Today the tiny disc of mercury crossed in front of the sun. The weather didn’t cooperate fully, and I had to switch mounts as the Meade randomly stopped tracking in RA, and the WiFi router for the roof didn’t work as expected and tested… but I was still able to get some decent images… Read More
At the beginning of the evening, a short session imaging Jupiter, then I switched over to some galaxies.
This is a short animation made from multiple AVI sequences:
In spite of bad seeing and strong gusts of wind I did set up the big refractor to do some astrophotography. I spent quite some time to get things running – in the end the spring galaxies were already too far west in the glare of the train station, so I switched my targets to two globulars and a planetary nebula. Here is a list of what went wrong:
- I wasn’t aware that the D750 uses a non-standard USB port on the camera, I had to search for half an hour to find the original cable
- the laptop I usually use has been upgraded to Windows 10, installing the drivers for the guiding camera did not work
- on the backup laptop guiding with PHD worked, but Backyard Nikon crashed and/or got no connection to the camera, I tried many combinations of USB extension cables, USB ports, removing the SD card, formatting the SD card, upgrading to BackyardNikon 1.0.5, in the end I focused using live view of the camera and used the built-in interval timer of the camera to shoot 30 second exposures…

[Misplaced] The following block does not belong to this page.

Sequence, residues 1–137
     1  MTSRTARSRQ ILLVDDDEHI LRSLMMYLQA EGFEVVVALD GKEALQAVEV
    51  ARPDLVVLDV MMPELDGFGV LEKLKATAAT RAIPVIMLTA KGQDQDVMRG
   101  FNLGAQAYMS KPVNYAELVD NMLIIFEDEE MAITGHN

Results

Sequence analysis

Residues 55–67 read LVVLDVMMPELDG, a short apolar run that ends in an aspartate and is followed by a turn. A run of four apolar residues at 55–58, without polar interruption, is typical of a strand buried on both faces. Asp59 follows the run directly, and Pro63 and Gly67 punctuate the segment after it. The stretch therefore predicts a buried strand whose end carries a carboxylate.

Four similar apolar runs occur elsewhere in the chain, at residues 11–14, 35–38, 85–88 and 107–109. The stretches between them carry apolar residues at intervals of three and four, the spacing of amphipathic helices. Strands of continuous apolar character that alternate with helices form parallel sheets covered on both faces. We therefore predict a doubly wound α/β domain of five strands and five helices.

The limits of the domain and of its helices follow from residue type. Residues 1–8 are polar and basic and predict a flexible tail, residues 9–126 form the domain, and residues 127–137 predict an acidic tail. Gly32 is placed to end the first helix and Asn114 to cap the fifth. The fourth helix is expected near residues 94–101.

- the seeing was really terrible, making focusing difficult, and bloating the stars during the exposure
- for reasons unkown (user error?) the quality setting on the camera was changed to FINE, so I only took JPEG images instead of NEF( Raw)
Today I was making sure everything is in working order for Monday’s transit of Mercury across the sun.
I was able to fix the issue of the declination runaway motor of our club’s LXD-650 mount, and took some images using the 127mm refractor with a 1,4x teleconverter.
Even when the moon is almost full (95% in this case) there are interesting features to be found near the terminator:
23rd October 2015
127mm f/8 AP refractor, Televue 3x Barlow, QHY5L-II color CMOS camera, stacked in Autostakkert, processing in Photoshop.
The September 28th total lunar eclipse was very impressive, as it turned out to be a very dark one, and for once, it happened in a perfectly clear sky.
Today I tried to capture a transit of the ISS across the disc of the sun, but somehow I missed it, even though I started my series of exposures according to a GPS clock. So the only result I can show is the face of the quiet sun, with only small sunspots littered across. Read More
M13 and M3 are two very fine globular clusters visible in the spring sky:
After a long spell of clouds of rain, on sunday evening I took advantage of a few clear hours to get some more data on M51. This image is a combination of raw images from April 20th and May 10th. The total exposure time is now at 64 minutes.